The first proposal from Jane Austen 's Pride and Prejudice demonstrates the use of marriage as mainly a method to further one 's social standing regardless of the love involved. Throughout the proposal, Mr. Collins has weak and ineffective arguments, incorrect assumptions, a pompous and degrading attitude, and unorganized and flustered diction. Mr. Collins begins his proposal poorly when he lists his "reasons for marrying (Austen 1)." He states it is his duty to set an example as a clergyman, marriage will make him happy, and lastly, Lady Catherine de Bourgh, his patroness, believes he should marry. This exemplifies marriage as solely a social device because Mr. Collins is only proposing because he feels obligated to satisfy what society and Lady Catherine expect of him. Even his assumptions have social aspects to them. Mr. Colin 's assumes that because of his connection to Lady Catherine women will want to marry him to enhance their social status; however, that is assuming the woman he is proposing to knows of Lady Catherine and would value her ...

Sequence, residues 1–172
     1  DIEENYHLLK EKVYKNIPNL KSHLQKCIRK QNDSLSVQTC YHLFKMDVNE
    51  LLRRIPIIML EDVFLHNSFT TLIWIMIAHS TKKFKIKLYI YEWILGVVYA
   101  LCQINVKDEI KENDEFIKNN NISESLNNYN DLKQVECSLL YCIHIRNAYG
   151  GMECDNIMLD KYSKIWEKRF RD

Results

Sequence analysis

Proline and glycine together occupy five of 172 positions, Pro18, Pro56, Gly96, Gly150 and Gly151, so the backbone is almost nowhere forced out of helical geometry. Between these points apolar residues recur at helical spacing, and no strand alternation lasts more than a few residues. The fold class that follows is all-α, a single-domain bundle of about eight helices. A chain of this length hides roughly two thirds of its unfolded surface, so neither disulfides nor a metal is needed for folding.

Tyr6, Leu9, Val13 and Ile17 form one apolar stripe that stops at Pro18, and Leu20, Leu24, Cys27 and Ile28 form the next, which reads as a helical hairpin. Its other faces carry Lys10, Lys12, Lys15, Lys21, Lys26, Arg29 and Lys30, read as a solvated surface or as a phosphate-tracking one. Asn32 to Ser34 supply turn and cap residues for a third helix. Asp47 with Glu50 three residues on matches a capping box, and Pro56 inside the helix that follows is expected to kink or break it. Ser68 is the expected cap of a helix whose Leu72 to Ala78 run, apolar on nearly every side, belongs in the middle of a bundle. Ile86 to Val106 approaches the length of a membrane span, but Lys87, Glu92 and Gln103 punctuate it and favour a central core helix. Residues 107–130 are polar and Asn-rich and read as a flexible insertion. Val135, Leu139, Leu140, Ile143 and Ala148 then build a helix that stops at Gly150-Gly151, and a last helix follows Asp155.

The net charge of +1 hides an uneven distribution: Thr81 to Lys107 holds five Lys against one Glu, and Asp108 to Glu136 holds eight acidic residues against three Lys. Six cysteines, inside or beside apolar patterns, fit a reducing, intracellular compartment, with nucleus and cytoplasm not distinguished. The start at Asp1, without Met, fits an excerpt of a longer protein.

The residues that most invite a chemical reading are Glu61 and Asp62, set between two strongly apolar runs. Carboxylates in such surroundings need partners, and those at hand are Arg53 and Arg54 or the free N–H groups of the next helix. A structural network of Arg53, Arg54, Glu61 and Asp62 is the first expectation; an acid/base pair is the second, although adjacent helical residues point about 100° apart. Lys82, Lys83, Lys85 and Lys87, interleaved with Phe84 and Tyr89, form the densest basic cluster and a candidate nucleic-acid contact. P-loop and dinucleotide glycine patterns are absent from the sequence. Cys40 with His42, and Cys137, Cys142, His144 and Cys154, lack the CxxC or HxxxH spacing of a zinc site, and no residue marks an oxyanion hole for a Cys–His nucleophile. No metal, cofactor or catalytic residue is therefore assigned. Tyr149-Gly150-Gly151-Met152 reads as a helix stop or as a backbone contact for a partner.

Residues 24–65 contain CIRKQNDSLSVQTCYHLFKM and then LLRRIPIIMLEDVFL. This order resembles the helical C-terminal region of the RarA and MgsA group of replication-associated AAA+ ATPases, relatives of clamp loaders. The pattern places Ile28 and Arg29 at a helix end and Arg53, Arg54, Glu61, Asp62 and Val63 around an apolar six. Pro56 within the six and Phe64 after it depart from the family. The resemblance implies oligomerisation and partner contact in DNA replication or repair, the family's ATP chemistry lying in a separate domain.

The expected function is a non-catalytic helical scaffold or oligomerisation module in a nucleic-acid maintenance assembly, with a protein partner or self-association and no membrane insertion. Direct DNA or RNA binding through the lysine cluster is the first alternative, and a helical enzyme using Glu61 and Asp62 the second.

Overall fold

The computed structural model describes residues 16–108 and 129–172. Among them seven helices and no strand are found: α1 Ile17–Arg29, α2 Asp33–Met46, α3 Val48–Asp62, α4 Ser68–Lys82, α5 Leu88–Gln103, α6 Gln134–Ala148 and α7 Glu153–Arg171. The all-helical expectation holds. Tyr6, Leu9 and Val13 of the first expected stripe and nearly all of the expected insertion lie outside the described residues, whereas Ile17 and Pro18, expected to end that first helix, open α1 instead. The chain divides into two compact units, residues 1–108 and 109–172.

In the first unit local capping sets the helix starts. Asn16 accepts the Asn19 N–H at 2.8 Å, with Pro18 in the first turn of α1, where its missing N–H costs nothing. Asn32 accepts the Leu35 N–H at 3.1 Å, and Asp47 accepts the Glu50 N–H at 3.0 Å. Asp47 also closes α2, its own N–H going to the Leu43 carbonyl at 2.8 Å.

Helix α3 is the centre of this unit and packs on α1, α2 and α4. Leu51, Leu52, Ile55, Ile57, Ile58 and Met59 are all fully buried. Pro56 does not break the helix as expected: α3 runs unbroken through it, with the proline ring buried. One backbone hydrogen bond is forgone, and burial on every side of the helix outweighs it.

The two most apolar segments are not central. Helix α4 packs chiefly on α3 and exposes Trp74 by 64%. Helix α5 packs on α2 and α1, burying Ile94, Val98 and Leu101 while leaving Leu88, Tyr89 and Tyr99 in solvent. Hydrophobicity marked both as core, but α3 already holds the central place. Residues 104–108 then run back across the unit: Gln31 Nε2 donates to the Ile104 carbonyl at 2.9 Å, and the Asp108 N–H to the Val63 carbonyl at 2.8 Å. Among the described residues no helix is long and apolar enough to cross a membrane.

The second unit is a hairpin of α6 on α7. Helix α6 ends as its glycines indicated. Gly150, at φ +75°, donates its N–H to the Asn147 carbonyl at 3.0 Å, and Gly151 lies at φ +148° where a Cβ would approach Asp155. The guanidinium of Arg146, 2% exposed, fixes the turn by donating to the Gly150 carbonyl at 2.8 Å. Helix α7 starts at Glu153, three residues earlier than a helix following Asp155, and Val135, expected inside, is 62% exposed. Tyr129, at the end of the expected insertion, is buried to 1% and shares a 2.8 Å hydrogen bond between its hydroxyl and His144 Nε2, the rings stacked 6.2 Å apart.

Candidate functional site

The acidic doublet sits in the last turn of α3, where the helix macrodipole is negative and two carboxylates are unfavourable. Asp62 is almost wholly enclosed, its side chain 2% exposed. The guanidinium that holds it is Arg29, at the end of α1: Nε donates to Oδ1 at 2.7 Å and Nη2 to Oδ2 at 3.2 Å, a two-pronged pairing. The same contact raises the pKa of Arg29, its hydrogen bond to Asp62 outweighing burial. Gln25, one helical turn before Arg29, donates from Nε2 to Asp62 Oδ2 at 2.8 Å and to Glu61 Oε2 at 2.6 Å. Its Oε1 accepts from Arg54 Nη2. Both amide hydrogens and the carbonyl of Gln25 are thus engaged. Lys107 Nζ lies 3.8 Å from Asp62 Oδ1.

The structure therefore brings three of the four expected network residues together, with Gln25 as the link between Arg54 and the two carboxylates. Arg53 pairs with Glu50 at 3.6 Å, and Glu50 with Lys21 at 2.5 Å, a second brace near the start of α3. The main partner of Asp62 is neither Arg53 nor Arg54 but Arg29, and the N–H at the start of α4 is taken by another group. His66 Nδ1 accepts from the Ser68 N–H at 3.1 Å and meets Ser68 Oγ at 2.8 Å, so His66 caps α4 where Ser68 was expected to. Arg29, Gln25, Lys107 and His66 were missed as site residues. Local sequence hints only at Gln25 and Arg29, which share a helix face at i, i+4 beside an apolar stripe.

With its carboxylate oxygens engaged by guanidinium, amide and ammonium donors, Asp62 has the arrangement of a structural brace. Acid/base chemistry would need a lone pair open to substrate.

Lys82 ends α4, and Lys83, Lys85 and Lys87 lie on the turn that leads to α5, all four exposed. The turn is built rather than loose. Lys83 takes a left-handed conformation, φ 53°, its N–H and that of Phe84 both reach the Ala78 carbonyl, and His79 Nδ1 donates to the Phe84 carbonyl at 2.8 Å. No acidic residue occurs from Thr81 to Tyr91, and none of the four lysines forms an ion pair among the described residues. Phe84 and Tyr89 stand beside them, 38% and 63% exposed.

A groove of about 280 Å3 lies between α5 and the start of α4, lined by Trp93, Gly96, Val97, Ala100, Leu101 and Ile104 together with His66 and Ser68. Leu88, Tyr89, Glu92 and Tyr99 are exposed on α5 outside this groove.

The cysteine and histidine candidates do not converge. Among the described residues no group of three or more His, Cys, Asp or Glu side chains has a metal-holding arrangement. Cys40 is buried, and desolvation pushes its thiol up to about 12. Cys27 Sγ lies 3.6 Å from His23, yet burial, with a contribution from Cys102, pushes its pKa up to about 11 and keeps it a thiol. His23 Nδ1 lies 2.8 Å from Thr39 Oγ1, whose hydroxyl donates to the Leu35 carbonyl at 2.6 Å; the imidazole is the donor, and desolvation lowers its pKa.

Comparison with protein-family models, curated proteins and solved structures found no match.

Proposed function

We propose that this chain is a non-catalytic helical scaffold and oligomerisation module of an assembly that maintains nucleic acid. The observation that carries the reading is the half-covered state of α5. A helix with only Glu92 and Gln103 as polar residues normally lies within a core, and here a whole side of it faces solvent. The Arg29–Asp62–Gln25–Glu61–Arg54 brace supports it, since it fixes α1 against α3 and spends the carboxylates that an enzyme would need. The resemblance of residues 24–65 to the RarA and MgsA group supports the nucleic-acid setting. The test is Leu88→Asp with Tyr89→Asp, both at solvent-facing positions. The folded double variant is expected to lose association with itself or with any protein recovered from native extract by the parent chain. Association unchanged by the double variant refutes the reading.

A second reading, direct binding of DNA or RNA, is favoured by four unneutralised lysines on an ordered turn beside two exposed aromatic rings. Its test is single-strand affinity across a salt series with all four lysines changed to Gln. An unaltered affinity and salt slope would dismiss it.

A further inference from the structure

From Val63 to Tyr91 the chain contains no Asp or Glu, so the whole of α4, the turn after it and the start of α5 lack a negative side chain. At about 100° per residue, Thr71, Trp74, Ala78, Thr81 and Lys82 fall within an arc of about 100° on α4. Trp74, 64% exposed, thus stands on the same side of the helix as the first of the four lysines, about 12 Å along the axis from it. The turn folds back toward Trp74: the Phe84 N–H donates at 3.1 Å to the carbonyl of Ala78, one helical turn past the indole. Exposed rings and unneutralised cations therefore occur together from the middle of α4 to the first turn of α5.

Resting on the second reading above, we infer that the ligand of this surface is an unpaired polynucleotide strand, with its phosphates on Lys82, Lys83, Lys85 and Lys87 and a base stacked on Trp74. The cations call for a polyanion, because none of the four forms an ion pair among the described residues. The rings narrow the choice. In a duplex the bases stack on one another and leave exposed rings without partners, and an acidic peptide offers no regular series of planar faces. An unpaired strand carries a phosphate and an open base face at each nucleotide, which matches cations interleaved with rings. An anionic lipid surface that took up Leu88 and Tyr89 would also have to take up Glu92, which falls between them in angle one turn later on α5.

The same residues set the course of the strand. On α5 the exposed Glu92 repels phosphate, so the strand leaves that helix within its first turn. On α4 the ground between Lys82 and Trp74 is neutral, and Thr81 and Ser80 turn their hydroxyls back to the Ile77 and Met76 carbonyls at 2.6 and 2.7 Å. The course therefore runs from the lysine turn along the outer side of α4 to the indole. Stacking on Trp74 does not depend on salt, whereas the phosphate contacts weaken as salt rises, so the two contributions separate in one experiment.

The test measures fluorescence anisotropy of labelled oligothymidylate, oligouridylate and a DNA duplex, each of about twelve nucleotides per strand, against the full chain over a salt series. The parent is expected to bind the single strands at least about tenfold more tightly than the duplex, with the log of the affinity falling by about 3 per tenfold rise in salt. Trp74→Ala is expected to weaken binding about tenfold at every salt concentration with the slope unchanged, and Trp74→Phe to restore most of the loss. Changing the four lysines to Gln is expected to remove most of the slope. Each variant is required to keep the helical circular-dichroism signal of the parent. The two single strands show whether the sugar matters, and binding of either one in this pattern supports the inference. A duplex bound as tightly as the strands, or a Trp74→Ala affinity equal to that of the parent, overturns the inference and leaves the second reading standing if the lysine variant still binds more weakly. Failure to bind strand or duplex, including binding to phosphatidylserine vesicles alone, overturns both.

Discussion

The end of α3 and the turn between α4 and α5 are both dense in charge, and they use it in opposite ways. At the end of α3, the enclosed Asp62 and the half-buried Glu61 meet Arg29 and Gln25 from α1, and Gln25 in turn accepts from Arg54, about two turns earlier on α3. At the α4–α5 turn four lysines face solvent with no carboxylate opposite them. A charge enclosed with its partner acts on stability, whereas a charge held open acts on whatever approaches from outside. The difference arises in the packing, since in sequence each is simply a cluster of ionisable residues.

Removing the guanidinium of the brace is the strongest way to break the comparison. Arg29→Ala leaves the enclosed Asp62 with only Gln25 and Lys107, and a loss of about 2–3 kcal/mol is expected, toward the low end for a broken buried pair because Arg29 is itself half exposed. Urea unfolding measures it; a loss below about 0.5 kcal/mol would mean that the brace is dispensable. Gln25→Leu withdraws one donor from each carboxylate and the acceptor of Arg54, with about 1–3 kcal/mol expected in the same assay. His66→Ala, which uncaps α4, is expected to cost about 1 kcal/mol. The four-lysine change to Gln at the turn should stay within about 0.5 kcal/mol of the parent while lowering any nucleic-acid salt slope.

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...s. The differing arguments, assumptions, attitudes, and diction used by the men in these two novels demonstrate the shift in social views of marriage. While Mr. Collins’s proposal from Austen’s novel embodies the belief of marriage as a social device, the proposal in Dickens’s novel embodies the romantic and more modern view of marriage as the intimate and passionate action it is. “You know what I am going to say. I love you. What other men may mean when they use this expression, I cannot tell; what / mean is that I am under the influence of some tremendous attraction which I have resisted in vain and which overmasters me (Dickens 1-5).” The man in Dickens’s classic proved this statement to be sincere through his arguments, attitudes, assumptions, and diction used throughout the proposal while all Mr. Collins proved was his dedication to Lady Catherine and society.
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